Students Face New Parking Problem

El Vaquero Staff Writer

To add to an already aggravating parking situation on campus, a new policy now threatens students with citations or even towing.

With the price of parking permits rising, a lack of spaces available and the building of a new parking structure that has decimated the lot on the hill, the daily battle for parking is only worsened by a recent policy adopted by the campus police to cite or tow vehicles not picked up before 4:30 p.m.

The policy affects student vehicles parked in lots supervised by valets, which are Lot B, 30 and 32. Students are supposed to retrieve their keys from the valets before 4:30 p.m. and if they do not do so by the alloted time, their keys will be sent to the campus police station.

Once they arrive to claim their keys, students are handed a slip that warns them that if they do not retrieve their keys by 4:30 p.m. they may be cited or be towed at their expense.

As parking woes continue to grow, this new policy adds insult to injury, as students are completely unaware of the policy.

Under the policy, the valets are supposed to inform students what do in the event that the keys are not retrieved by 4:30 p.m. As some students wander around confused about the disappearance of the valets and their keys, the lack of posted information adds to their worries.

“I had no idea about that,” said Hera Arabian, 19, an advertising major. “You would think they [the valets] would tell you about it.”
“I park in the valet lots all the time and I had no clue about that policy,” said Narine Avetisyan, 19, an English major. “They [the valets] do not post any information about it anywhere and I have full-time classes, so I should have seen a sign or something by now.”

“The valets are supposed to tell you verbally about the college police’s policy regarding parking,” said Enrique Sandoval, special event supervisor of Twin Valet Parking, the second company hired to provide valet service for the campus. Information regarding the first company hired is unknown.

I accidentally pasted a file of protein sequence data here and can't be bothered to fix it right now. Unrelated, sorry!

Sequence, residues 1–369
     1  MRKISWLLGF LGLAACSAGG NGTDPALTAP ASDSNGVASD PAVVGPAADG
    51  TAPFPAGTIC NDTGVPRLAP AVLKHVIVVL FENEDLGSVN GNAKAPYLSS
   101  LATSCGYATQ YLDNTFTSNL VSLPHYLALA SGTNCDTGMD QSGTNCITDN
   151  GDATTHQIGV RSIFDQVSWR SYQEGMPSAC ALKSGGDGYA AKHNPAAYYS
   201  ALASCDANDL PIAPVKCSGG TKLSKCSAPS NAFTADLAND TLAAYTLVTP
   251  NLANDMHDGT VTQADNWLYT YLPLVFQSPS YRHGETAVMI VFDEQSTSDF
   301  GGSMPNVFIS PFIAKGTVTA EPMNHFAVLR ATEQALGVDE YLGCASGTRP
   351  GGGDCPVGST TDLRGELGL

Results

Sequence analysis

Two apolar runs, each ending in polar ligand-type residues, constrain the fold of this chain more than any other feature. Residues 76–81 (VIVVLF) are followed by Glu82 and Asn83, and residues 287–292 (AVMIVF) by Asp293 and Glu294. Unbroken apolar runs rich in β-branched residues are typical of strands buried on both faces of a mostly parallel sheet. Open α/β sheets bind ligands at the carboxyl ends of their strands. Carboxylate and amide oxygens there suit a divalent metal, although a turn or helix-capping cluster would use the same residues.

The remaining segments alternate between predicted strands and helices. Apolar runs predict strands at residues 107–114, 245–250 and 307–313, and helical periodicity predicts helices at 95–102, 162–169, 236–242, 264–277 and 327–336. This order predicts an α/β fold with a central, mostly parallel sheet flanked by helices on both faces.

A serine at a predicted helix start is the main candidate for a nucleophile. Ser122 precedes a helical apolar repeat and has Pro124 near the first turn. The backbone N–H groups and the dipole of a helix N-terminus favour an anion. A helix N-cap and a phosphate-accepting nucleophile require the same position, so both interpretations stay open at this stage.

“If you leave your keys with the valet past 4:30 p.m. the keys will be picked up by the campus police,” said Sandoval. “There was once signs posted informing students about the policy, but the signs disappeared, they might have been stolen.”

Phone calls to college police spokesperson, Nidal Kobaissi, about the policy, were not returned.

With the price of parking permits rising this fall and the loss of 350 parking spaces in Lot B due to the construction of the new structure, the policy regarding valets and towing may be the final straw for some students.

“People pay $50 for their parking permit;” said Arabian. “Soon it will be $65 and now they can get towed in a GCC lot for simply not picking up their keys. It’s enough to anger any student,”
“I would be so outraged if I [my car] was towed,” said Avetisyan. “Parking is hard enough as it is; to have your car towed would just be like adding salt to a wound.”

Some students are confused about why the valets are off duty so early in the afternoon. “Most students have classes pass 6 p.m. so why are the valets off at 4:30 p.m.” said Arabian. “They should be there till at least 6 p.m.”

As for the fear of citations and towing students, “To my knowledge, no one has been cited for leaving their keys pass 4:30 p.m.,” said Sandoval. “Some students have received tickets for not having parking permits and having their parking meter out of time.”

As parking problems continue to worsen and the scheduled completion of the new structure aimed for next year, students are forced to perhaps gamble with the choice of being towed or not finding parking at all.